The ups and downs of producing a large-scale show – especially if it’s your first time! Read about intrepid newbie Amy Anzel‘s staging of “Happy Days” here.
The process of putting on a show is long, laborious and hard, most especially when you are a new producer – as Amy Anzel is.
Happy Days is Amy’s first major production – and it’s an extremely ambitious one. No small-scale fringe show, this is a full size musical complete with brand new score, cast of 17 (including three star names) and a band of eight.
It is currently touring 24 UK cities and the hope is it will end in a West End run.
Not many would be so bold- or so tenacious. And the show has not been without its troubles. Some of these, such as the difficulty of casting the all-important role of “The Fonz”, were well documented in the Channel 4 programme The Sound of Musicals. As well as that, the original director, Craig Revel Horwood, pulled out of the project and there were a myriad of other challenges too- not least, a wall of negativity and the ubiquitous prophets of doom.
It all started in Amy’s mind when she arrived in this country four years ago. She had participated as an actress in the original developmental workshops of Happy Days ten years ago in the States, and saw the production come to light there and in Italy. When she came to the UK to live, she noticed that 1950’s Americana was very popular here, with West End productions of Grease and similar shows doing well.
She called Garry Marshall, the creator of the TV show and writer of the book, and proposed she produce it here. Once having optioned the rights, she launched into action, contacting producers with the hope of a co-production, casting, booking theatres and so on.
Not all of it has been a negative experience, by any means. She is very happy with the creative team and current director/choreographer Andrew Wright – also a first-timer (his first directorship), with whom she has a collaborative relationship, which suits her personal style. I asked her how the direction process works, given that most producers do not have such a hand-on approach. She said:
“Andrew has always discussed things with me, not least because he knows I was in the development workshops and I saw first-hand what works. I think it’s essential on a new musical for us to work in a collaborative way”.
She is also delighted with the design by Tom Rogers. The set is indeed masterly, evoking a juke box with scenes familiar from the TV series – the kitchen and Arnold’s diner, as well as The Leopard Lodge reminiscent of a Rotary Club or Masonic Lodge here. The set’s original concept was based on a children’s pop-up book, revealing surprises, and is changed seamlessly from one scene to another by the cast themselves in full view of the audience.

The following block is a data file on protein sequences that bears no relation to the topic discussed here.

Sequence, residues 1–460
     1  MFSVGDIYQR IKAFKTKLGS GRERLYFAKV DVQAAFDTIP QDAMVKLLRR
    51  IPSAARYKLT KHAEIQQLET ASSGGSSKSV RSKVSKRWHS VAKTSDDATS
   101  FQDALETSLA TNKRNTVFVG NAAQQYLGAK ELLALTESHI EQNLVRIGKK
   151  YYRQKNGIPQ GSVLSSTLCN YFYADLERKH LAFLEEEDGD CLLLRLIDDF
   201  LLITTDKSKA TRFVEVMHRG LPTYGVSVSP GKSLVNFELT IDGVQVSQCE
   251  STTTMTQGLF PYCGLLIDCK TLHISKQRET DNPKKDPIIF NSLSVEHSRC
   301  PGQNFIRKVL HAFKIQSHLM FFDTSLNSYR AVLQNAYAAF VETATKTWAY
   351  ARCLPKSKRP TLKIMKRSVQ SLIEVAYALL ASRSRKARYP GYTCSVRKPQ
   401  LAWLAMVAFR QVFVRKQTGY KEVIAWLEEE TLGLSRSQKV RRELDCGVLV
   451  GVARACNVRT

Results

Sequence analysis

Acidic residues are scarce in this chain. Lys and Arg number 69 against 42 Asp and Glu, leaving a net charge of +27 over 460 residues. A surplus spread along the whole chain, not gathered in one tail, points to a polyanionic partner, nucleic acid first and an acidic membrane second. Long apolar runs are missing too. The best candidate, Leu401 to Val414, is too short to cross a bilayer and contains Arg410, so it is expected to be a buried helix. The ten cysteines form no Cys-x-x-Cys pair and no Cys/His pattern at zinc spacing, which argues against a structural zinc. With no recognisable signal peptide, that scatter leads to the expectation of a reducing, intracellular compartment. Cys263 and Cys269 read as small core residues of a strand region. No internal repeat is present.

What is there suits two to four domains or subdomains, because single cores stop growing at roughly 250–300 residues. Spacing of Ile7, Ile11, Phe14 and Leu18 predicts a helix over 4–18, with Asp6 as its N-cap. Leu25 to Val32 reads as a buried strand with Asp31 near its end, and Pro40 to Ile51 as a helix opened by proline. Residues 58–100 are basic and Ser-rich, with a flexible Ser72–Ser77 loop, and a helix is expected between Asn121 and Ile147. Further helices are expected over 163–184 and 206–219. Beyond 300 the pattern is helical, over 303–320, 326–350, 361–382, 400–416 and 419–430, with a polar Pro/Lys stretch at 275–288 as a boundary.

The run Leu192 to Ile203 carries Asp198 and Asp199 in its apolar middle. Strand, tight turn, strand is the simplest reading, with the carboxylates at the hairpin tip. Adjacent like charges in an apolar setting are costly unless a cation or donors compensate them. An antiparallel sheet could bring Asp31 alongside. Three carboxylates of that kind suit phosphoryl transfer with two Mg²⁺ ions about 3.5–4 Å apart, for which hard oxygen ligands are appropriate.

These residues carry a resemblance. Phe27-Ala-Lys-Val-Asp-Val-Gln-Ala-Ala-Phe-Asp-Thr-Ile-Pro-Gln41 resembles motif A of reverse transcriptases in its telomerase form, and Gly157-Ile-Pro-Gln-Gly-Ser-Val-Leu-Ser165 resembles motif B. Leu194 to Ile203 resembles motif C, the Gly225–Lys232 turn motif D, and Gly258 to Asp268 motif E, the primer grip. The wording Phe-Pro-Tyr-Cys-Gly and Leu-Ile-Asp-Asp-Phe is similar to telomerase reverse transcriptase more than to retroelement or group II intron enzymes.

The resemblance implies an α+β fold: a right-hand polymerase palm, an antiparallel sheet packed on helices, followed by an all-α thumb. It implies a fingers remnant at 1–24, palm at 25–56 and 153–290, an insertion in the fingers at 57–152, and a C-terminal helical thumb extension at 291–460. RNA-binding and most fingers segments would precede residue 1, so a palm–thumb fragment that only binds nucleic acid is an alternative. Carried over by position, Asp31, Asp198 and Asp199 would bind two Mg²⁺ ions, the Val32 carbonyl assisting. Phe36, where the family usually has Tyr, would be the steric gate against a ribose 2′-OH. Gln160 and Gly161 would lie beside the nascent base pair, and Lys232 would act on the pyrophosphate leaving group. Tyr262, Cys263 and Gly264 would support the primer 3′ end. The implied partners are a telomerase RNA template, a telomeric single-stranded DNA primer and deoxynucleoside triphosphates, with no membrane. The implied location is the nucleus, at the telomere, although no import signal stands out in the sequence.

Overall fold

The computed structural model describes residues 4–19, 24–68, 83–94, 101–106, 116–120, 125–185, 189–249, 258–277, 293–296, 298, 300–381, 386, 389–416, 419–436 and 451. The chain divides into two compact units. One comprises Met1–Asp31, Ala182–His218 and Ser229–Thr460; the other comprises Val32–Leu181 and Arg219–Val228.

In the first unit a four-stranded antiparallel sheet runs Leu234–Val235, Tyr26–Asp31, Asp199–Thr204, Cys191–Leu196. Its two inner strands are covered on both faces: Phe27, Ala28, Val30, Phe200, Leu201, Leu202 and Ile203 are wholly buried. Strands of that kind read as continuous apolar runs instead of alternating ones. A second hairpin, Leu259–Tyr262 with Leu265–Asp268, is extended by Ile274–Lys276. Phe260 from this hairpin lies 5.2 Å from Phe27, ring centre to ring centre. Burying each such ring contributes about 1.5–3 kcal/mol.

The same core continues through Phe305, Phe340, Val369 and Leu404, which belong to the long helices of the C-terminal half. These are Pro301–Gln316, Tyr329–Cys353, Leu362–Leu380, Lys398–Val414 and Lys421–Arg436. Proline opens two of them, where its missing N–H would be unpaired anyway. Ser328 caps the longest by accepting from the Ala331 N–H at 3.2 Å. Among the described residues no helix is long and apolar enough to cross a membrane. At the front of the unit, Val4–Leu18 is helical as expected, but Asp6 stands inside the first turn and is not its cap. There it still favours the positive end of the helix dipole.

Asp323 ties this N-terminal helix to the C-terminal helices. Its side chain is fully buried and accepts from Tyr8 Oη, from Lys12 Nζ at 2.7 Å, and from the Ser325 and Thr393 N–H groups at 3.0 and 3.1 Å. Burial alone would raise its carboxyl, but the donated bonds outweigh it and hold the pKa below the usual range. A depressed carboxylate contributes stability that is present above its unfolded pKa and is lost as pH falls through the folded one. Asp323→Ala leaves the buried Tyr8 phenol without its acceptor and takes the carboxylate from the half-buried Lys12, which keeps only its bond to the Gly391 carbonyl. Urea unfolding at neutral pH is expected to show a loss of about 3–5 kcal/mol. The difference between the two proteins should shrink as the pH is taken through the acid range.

I asked how she funded the show. She confirmed that she put in about £30,000 of her own money over the four years in getting it open. She also had success in Crowd-funding, and secured help from a financial investor. She was not able to persuade a theatrical producer to invest, but is able to work with one on the managerial side. She also had a stroke of luck when someone who had seen the TV series offered her investment as well.
I wondered how she came to be considered for The Sound of Musicals, and it transpired that even that was partly a result of her own initiative:
“I found I was meeting so many people, and having so many extraordinary experiences, I thought : ‘This would make a great TV programme!’”.
She wrote to many TV production companies, including Fresh One Productions, the production company that was responsible for Musicality, and it turned out they had been thinking about similar themes. The show was eventually green lit by Channel 4.
With such a rollercoaster journey, I asked what advice she would give to a new producer.
“Remember that persistence pays off, and never lose sight of your dream. I came across many ‘nay-sayers’, but I never gave up. Sometimes when I was turned down or rejected, it felt like a kick in the stomach, but I picked myself up and just looked elsewhere. I also ignored criticism I knew to be unfounded.”
I saw the Saturday matinee show in its opening run at Churchill Theatre, Bromley. Whilst it is a fun feel-good family show, with a good cast, some very nice songs and great ensemble pieces, at that time it still had a few flaws. However, Amy is aware of them and addressing them as she goes along. It is, after all, partly what a tour is for – a chance to discover and iron out the kinks, as well as to build audience in other parts of the country.
To have come this far is an enormous achievement, completed against all the odds, with many advising against even trying. Without divulging things I promised not to, she has had more than one significant let-down, people in important positions not taking her or the project seriously, and she has battled against superciliousness with a combination of grace and fortitude. Who can say at this stage whether the piece will get a West End run, but with Amy’s level of determination, I wouldn’t be surprised. You cannot help but want to root for her and egg her on to realise her dream – all power to you, Amy!